Lung cancer screening is now covered by many insurance plans for individuals who are deemed at higher risk, per USPSTF screening guidelines. 

Doctor conducts a bronchoscopy
Jasleen Pannu, MBBS, conducts a bronchoscopy to examine a nodule in a patient’s lung. By flagging CT scans that incidentally reveal these nodules, which may be early signs of lung cancer, experts at the OSUCCC – James are able to begin potentially lifesaving treatment sooner.

Taking a second look at CT scans offers another window into early lung cancer detection

Screening the highest-risk individuals provides the best chances of identifying lung cancer in its earliest stages, but an imaging test commonly used for detecting injuries and illnesses can also catch the subtle, early signs of lung cancer, say experts at the OSUCCC – James. 

While computed tomography (CT) scans can provide important information to diagnose other illnesses and conditions, these imaging tests can also reveal other unrelated issues, known as “incidental” findings, that raise questions beyond what the physicians were originally looking for.

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Launched this year as a collaboration of the OSUCCC – James and The Ohio State University Wexner Medical Center, the Lung Nodule Program was established to create a system for capturing incidental chest CT lung nodule findings — with the aid of machine learning tools — to determine which patients need additional evaluation.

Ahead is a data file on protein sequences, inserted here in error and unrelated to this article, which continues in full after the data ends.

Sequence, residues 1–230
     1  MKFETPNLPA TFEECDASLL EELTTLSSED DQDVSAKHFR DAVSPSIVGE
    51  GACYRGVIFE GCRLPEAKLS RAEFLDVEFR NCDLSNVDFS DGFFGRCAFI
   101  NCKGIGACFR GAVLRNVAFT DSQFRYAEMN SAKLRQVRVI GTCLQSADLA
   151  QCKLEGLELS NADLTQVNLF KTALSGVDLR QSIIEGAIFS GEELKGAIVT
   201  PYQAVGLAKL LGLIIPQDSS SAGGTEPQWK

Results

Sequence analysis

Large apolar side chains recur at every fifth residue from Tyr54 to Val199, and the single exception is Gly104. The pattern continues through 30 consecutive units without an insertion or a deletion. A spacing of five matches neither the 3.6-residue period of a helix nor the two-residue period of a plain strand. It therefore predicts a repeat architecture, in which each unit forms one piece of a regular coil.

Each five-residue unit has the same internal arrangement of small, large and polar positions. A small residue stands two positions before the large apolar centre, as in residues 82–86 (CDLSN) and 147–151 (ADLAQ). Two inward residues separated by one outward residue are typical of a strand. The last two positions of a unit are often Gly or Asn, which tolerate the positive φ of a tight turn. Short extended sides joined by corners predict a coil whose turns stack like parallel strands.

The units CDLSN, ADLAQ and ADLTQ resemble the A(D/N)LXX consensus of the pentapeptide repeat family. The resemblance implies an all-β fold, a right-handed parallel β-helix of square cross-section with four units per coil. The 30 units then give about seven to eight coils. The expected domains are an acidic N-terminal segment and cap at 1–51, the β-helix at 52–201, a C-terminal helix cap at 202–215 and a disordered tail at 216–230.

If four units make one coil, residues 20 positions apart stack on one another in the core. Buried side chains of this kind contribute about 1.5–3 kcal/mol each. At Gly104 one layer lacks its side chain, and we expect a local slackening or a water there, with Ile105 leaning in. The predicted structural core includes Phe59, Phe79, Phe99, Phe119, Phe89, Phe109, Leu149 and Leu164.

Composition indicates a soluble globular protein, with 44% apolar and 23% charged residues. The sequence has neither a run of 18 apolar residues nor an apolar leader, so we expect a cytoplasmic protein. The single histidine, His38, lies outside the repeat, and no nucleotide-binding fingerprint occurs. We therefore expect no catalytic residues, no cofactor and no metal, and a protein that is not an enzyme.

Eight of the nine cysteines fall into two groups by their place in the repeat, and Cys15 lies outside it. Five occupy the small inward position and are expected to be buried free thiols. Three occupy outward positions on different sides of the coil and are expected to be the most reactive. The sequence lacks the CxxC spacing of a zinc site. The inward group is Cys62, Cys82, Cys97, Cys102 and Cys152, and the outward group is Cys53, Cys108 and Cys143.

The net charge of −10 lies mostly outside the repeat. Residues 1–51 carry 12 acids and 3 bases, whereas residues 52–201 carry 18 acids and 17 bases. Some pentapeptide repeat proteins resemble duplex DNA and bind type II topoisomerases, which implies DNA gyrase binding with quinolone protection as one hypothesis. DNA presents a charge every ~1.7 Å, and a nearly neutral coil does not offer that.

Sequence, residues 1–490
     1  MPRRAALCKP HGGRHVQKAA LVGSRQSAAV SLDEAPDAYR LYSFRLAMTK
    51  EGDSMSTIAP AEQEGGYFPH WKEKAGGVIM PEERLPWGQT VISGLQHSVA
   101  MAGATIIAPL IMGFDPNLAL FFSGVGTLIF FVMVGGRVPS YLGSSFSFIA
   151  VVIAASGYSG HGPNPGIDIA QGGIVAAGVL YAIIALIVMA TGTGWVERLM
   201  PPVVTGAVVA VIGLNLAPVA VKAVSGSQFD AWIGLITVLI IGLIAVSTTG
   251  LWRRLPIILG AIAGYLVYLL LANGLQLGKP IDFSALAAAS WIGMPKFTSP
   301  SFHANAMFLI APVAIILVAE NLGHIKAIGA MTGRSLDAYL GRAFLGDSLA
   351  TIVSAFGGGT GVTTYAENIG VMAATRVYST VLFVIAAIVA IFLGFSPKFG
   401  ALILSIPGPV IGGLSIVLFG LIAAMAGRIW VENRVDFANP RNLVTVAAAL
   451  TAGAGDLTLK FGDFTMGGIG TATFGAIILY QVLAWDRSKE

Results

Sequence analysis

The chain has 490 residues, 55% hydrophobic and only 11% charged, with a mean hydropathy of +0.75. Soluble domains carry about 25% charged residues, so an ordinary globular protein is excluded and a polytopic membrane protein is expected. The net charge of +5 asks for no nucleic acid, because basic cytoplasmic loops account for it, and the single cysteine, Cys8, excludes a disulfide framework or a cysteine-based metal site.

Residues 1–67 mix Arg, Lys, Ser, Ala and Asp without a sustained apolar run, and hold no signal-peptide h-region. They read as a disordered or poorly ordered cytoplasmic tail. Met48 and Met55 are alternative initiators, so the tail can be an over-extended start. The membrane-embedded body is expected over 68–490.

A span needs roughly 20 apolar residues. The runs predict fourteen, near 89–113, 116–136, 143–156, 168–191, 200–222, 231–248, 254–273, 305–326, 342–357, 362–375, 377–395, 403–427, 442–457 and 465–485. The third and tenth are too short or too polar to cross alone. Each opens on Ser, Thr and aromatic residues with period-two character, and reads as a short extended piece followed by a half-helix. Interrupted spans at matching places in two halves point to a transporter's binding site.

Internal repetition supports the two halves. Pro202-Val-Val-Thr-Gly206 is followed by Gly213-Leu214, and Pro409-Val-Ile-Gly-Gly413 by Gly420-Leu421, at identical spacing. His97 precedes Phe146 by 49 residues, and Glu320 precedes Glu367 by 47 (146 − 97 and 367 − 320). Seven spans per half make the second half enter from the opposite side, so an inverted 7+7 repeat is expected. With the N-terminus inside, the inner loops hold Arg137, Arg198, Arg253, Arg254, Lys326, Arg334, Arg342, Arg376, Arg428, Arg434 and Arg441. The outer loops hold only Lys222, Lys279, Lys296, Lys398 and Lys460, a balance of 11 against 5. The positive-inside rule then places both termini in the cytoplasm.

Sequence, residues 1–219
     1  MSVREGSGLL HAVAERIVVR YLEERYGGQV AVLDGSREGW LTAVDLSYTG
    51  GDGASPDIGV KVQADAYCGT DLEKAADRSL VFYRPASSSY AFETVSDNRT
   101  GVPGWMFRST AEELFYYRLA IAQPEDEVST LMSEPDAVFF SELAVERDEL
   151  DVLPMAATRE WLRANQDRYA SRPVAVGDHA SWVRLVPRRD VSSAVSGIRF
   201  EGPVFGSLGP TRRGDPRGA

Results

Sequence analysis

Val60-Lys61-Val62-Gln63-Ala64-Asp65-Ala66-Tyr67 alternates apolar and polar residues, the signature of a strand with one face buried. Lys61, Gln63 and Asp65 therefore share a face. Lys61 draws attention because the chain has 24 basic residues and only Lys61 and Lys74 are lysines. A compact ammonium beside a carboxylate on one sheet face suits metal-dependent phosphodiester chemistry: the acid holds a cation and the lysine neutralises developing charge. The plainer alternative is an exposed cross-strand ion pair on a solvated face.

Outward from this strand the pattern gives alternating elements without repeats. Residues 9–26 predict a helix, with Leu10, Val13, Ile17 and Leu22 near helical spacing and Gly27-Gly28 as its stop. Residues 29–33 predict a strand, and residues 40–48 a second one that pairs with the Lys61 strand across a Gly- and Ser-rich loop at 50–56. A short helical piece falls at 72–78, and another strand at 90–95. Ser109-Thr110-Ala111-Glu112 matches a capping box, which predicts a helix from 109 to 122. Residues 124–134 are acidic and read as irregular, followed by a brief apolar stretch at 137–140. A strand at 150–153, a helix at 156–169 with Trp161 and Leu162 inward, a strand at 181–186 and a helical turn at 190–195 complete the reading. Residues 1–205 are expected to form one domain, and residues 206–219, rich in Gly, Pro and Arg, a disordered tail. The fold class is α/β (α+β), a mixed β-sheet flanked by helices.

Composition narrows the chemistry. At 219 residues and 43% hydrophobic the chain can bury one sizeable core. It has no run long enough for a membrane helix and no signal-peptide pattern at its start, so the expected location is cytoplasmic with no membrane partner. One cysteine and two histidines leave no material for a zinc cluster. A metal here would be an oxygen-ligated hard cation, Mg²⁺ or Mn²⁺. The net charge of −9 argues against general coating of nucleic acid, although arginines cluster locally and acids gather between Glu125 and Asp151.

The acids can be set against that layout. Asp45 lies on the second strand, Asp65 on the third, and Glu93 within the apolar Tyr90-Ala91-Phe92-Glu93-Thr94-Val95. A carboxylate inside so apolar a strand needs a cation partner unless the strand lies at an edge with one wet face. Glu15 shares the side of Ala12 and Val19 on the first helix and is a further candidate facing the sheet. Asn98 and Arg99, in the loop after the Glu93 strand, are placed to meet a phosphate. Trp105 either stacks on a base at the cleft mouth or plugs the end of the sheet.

Jasleen Pannu, MBBS, who leads this new effort, estimates that roughly 10% of all lung nodules identified through chest CT scans performed to investigate other conditions are cancerous; however, determining which spots need additional evaluation can be challenging. At a large health system like Ohio State, that could mean 1,000 early-stage lung cancer diagnoses annually. 

“We do not want any of these cases to be missed, so creating a process to pinpoint precisely who may benefit most from a biopsy is critical,” Dr. Pannu says. “It is a balancing act of providing the appropriate level of follow-up testing for each patient while also working within the significant staffing resources needed to gather, assess and triage a large volume of incidental findings in a timely way.” 

Taking charge of your lung health

Lung cancer screening remains the best defense for those at higher risk for lung cancer. In 2021, the USPSTF updated its lung cancer screening recommendations to include annual screening for lung cancer with low-dose CT scans in adults between the ages of 50 to 80 years who have a 20 pack-year smoking history and currently smoke or have quit within the past 15 years. Lung cancer screening is now covered by most insurance plans, but it’s best to check with your provider.

Lung cancer screening saves lives

For more information about lung cancer screening at the OSUCCC – James, click or call 1-800-293-5066.